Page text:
Atlanta, an international destination, extends Southern welcome

October 1, 2008

Learn about Atlanta attractions, restaurants, and nightlife before heading to the joint meeting of the American Academy of Ophthalmology and European Society of Ophthalmology Nov. 8 to 11.

Atlanta, the capital of and most populous city in Georgia, has experienced a transformation from a regional destination to an international stopping point. Recognized as one of the fastest-growing cities among developed nations in the 1990s and 2000s, its metropolitan area alone grew 20.5% from 2000 through 2006. The EPA even has affirmed the city for its eco-friendly policies.

A glimpse of the city's skyline will underscore a blend of high- and mid-rise buildings of modern and postmodern design. The tallest building, the Bank of America Plaza, is the 30th tallest building in the world (1,023 feet) and the tallest in the United States, apart from skyscrapers in Chicago and New York City.

Atlanta, in departing from the Old Southern architectural charm of cities such as Charleston, SC, or New Orleans, represents a more progressive New South in its modern building landscape. Architects for some of its buildings include Michael Graves, Renzo Piano, and Richard Meier. The city's most recognizable hometown architect might be John Portman, who helped construct the atrium hotel, starting with Hyatt Regency Atlanta in 1967 and, later, Peachtree Center, Atlanta Merchandise Mart, and SunTrust Plaza.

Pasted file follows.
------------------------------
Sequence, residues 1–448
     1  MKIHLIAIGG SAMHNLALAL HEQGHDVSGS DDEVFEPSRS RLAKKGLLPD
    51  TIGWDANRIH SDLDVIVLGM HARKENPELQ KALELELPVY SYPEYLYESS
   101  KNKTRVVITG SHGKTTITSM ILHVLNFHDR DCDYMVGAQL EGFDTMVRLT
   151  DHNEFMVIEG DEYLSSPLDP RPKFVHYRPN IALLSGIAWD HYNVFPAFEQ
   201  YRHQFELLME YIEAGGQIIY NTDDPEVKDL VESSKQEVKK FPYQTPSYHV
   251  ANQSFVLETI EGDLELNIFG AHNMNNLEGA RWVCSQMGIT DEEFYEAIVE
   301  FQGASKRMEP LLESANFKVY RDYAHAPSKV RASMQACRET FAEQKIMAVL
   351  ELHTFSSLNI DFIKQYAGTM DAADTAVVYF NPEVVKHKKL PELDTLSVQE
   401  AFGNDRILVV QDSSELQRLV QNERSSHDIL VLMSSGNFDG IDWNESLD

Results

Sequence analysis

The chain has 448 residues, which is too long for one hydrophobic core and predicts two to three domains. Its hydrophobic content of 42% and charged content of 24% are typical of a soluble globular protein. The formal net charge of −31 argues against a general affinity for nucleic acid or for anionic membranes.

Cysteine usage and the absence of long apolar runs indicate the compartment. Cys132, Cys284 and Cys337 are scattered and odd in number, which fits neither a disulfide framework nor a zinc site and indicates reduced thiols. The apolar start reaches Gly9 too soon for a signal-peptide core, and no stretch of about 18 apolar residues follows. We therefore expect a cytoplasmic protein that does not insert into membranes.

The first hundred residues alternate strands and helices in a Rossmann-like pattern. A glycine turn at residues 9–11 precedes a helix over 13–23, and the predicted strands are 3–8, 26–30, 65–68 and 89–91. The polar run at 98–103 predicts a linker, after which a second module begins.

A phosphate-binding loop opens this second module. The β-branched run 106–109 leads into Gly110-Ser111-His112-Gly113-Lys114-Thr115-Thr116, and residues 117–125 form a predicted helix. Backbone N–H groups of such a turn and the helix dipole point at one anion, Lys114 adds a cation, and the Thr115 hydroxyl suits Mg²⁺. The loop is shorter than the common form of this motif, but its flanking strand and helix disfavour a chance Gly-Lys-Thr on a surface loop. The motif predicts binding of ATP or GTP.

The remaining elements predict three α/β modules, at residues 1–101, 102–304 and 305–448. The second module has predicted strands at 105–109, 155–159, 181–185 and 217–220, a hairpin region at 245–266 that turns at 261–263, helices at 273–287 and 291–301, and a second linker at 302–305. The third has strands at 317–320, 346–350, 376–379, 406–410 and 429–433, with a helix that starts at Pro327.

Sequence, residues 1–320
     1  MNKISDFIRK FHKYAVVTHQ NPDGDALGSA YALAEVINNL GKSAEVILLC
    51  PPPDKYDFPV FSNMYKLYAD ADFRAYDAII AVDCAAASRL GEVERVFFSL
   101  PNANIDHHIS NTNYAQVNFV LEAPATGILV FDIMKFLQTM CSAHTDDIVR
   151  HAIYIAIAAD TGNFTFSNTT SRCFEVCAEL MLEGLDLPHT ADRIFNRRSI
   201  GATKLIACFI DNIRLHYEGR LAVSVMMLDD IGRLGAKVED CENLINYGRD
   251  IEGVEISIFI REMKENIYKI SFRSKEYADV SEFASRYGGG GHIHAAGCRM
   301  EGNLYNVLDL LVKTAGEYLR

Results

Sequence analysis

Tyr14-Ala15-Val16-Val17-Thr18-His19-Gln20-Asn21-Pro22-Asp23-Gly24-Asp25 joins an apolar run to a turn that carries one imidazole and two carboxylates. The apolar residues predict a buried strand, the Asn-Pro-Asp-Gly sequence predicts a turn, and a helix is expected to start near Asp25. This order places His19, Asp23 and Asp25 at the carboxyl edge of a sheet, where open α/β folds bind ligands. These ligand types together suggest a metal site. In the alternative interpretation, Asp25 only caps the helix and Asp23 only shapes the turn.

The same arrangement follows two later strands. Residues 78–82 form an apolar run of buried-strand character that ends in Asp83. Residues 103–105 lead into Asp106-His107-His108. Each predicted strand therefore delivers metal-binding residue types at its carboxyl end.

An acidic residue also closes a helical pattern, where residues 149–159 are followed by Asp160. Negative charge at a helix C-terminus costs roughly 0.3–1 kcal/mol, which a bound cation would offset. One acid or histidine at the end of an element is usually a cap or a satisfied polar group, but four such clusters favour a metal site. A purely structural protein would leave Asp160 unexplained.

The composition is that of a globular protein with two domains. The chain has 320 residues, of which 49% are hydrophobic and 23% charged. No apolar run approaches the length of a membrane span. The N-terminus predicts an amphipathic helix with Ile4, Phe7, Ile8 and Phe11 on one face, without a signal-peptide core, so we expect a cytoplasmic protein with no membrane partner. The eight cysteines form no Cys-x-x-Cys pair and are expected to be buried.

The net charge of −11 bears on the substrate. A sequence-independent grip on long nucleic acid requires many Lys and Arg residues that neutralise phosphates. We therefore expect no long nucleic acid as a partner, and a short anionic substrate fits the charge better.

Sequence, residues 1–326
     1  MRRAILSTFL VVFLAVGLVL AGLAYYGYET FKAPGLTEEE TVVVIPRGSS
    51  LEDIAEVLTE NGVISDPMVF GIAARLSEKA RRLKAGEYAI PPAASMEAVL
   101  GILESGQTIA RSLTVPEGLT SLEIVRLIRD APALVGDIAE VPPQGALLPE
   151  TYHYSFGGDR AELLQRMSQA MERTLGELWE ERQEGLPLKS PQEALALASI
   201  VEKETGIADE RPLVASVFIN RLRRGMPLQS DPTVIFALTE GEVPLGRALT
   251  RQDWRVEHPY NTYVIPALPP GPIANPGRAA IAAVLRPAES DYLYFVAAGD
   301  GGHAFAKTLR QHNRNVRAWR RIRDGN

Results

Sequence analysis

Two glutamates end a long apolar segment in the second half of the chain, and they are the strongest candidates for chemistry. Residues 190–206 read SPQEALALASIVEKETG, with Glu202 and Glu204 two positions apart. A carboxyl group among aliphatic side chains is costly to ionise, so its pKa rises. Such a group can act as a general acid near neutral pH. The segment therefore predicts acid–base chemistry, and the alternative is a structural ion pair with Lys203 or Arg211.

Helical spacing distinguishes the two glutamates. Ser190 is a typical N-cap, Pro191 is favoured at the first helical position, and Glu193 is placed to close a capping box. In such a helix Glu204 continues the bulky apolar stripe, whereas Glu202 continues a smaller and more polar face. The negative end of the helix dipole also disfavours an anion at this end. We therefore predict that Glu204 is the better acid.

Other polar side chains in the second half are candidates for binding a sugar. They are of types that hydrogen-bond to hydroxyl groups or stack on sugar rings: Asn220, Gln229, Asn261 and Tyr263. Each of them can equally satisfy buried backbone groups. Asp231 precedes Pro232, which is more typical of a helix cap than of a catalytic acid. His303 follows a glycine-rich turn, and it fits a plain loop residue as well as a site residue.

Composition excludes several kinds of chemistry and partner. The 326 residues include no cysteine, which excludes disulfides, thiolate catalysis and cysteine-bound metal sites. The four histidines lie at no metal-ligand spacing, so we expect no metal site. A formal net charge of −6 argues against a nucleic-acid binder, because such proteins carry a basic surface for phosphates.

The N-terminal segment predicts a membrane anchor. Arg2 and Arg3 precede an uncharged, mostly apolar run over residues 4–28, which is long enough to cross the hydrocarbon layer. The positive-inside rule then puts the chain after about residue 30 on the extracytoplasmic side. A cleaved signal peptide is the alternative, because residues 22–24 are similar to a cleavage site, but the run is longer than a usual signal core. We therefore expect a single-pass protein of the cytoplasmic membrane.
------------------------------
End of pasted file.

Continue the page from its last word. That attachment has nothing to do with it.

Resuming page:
Centennial Olympic Park is just the beginning of countless stops to include on a business-trip itinerary. As a sidenote, getting around without a cab is easy with Atlanta's subway system, which is operated by Metropolitan Atlanta Rapid Transit Authority (MARTA) and is the seventh-busiest system in the country. A bus system spanning three counties also is available.

In this hot Southern city, you won't be disappointed if you visit any of the following destinations:

For additional information about tours and shopping, see "Tours and shopping, anyone?".

While in town, you could make a day out of the "Gone with the Wind Experience." Begin by touring the three-story Tudor Revival mansion in Midtown, where author Margaret Mitchell penned the Pulitzer Prize-winning novel. The Margaret Mitchell House and Museum provides tours and a museum shop. Continue north to Marietta's Gone with the Wind Movie Museum, which houses the largest private collection of movie mementos.